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Open Access Highly Accessed Research article

PAPC and the Wnt5a/Ror2 pathway control the invagination of the otic placode in Xenopus

Barbara Jung12, Almut Köhler1, Alexandra Schambony13 and Doris Wedlich1*

Author Affiliations

1 Karlsruhe Institute of Technology, Campus South, Zoological Institute, Department of Cell and Developmental Biology, Fritz-Haber-Weg 4, Karlsruhe, 76131, Germany

2 Current Address: University of Freiburg, Institute of Biology I, Department of Developmental Biology, Hauptstr. 1, Freiburg, 79104, Germany

3 Current Address: University of Erlangen-Nuernberg, Biology Department, Developmental Biology, Staudtstr. 5, Erlangen, 91058, Germany

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BMC Developmental Biology 2011, 11:36  doi:10.1186/1471-213X-11-36

Published: 10 June 2011

Abstract

Background

Paraxial protocadherin (PAPC) plays a crucial role in morphogenetic movements during gastrulation and somitogenesis in mouse, zebrafish and Xenopus. PAPC influences cell-cell adhesion mediated by C-Cadherin. A putative direct adhesion activity of PAPC is discussed. PAPC also promotes cell elongation, tissue separation and coordinates cell mass movements. In these processes the signaling function of PAPC in activating RhoA/JNK and supporting Wnt-11/PCP by binding to frizzled 7 (fz7) is important.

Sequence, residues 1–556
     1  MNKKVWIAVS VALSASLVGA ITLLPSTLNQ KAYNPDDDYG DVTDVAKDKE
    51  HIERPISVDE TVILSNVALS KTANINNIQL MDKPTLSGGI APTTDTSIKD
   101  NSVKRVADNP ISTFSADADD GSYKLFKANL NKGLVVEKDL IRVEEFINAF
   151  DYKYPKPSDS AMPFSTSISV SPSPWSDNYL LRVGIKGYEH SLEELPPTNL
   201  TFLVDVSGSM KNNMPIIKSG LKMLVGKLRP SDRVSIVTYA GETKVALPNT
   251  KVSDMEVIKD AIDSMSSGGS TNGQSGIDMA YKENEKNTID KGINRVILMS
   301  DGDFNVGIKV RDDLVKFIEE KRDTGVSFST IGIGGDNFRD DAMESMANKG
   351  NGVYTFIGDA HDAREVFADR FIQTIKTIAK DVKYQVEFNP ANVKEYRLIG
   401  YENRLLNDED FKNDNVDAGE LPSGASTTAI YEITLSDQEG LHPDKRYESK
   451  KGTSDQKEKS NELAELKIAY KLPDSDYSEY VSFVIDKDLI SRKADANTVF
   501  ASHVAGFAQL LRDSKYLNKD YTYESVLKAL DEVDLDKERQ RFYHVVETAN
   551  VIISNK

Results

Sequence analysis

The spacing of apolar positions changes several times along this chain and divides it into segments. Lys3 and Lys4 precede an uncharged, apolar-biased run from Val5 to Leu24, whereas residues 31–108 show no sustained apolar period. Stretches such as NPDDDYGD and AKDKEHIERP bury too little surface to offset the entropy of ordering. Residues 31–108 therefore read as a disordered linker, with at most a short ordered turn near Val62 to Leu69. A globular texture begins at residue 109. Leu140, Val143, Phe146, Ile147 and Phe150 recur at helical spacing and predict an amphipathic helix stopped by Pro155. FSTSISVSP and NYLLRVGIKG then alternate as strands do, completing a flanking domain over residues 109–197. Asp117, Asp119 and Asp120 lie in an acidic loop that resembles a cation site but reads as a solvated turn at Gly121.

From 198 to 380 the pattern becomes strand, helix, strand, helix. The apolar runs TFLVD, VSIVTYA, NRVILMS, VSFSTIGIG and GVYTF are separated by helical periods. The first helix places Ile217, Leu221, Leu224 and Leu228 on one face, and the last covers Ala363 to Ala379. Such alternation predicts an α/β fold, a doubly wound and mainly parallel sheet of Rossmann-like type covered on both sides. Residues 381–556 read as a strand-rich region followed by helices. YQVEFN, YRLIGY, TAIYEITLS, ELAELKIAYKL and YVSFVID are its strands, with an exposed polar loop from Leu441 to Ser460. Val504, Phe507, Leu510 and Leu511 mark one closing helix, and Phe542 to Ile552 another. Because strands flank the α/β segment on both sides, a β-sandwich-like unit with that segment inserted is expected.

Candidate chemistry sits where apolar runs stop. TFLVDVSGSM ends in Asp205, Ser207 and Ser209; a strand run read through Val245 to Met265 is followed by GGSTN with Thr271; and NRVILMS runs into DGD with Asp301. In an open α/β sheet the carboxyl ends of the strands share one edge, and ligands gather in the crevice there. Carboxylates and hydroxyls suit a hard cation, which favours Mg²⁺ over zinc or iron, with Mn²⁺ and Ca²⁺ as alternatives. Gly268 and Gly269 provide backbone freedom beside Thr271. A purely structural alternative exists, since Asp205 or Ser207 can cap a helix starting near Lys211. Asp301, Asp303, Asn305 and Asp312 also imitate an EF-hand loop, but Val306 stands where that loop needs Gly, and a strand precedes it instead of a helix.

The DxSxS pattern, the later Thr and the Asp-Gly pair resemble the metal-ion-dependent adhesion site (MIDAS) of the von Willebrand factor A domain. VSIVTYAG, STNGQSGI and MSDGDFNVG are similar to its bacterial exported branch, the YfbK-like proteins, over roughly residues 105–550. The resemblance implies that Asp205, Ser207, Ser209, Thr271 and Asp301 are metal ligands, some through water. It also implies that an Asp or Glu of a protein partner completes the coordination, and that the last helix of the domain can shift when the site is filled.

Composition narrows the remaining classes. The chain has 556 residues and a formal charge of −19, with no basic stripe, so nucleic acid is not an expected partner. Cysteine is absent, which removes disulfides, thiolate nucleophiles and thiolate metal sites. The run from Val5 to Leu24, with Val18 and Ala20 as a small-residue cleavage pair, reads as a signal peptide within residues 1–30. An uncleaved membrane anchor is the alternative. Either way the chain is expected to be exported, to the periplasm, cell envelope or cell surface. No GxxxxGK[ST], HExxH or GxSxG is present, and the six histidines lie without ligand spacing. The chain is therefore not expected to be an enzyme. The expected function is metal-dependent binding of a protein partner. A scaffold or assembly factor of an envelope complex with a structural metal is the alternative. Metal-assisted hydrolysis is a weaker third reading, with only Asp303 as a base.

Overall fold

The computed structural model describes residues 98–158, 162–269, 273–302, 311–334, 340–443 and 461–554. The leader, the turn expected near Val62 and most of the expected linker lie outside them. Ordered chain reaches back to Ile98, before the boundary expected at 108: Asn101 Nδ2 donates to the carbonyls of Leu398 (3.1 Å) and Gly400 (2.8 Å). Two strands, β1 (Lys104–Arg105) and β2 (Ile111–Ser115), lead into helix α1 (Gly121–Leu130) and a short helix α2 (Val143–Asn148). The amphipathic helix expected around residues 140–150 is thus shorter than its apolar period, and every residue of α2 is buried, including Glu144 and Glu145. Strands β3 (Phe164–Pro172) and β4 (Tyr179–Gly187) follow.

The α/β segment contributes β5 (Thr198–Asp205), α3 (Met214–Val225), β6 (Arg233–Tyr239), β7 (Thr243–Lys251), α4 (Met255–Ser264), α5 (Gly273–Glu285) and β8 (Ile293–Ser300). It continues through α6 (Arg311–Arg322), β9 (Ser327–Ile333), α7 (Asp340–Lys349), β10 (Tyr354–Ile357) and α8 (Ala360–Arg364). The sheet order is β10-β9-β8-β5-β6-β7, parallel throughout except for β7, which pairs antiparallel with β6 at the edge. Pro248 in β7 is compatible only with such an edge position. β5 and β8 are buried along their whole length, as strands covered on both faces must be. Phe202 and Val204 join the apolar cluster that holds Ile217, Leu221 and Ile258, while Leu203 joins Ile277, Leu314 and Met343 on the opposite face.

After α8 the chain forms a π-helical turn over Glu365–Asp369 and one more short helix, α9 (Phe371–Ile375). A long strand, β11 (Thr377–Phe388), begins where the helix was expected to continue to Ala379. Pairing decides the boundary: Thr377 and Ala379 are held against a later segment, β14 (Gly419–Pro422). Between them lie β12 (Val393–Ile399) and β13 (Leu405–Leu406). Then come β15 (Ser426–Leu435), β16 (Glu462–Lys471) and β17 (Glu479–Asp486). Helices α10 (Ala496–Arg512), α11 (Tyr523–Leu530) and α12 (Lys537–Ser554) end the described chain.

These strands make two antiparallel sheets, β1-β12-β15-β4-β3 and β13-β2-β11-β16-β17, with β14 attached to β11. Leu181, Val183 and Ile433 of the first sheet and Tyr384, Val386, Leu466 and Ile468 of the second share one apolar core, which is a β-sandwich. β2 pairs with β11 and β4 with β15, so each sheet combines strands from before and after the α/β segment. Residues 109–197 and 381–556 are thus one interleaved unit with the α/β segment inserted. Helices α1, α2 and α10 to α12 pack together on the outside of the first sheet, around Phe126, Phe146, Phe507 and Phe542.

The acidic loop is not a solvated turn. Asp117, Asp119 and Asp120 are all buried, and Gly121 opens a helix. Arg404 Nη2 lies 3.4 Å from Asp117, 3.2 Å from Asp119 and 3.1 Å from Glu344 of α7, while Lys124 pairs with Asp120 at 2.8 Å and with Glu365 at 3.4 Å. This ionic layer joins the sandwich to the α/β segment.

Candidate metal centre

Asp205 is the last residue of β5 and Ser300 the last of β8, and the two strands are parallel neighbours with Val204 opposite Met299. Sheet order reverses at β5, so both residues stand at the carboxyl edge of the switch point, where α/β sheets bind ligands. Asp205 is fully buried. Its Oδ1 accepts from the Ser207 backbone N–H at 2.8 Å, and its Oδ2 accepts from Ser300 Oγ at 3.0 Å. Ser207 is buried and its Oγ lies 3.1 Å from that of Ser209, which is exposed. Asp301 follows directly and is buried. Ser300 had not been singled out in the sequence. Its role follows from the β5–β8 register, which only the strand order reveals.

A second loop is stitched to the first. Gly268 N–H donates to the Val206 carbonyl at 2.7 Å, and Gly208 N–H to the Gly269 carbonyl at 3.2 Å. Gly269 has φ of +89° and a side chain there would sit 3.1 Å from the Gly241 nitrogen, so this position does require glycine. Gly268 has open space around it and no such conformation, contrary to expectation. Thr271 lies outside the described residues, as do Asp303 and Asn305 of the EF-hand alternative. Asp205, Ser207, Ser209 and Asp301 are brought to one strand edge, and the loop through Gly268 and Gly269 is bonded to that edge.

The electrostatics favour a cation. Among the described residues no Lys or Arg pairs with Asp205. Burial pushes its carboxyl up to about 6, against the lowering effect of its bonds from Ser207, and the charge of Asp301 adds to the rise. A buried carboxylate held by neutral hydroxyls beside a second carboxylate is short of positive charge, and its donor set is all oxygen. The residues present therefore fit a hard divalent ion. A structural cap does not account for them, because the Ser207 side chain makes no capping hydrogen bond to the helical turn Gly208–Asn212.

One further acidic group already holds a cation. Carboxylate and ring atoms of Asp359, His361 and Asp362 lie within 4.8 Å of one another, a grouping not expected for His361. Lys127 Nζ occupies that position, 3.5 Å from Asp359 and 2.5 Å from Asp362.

Results

Here we demonstrate by loss of function experiments in Xenopus embryos that PAPC regulates another type of morphogenetic movement, the invagination of the ear placode. Knockdown of PAPC by antisense morpholinos results in deformation of the otic vesicle without altering otocyst marker expression. Depletion of PAPC could be rescued by full-length PAPC, constitutive active RhoA and by the closely related PCNS but not by classical cadherins. Also the cytoplasmic deletion mutant M-PAPC, which influences cell adhesion, does not rescue the PAPC knockdown. Interestingly, depletion of Wnt5a or Ror2 which are also expressed in the otocyst phenocopies the PAPC morphant phenotype.

Conclusions

PAPC signaling via RhoA and Wnt5a/Ror2 activity are required to keep cells aligned in apical-basal orientation during invagination of the ear placode. Since neither the cytoplasmic deletion mutant M-PAPC nor a classical cadherin is able to rescue loss of PAPC we suggest that the signaling function of the protocadherin rather than its role as modulator of cell-cell adhesion is required during invagination of the ear placode.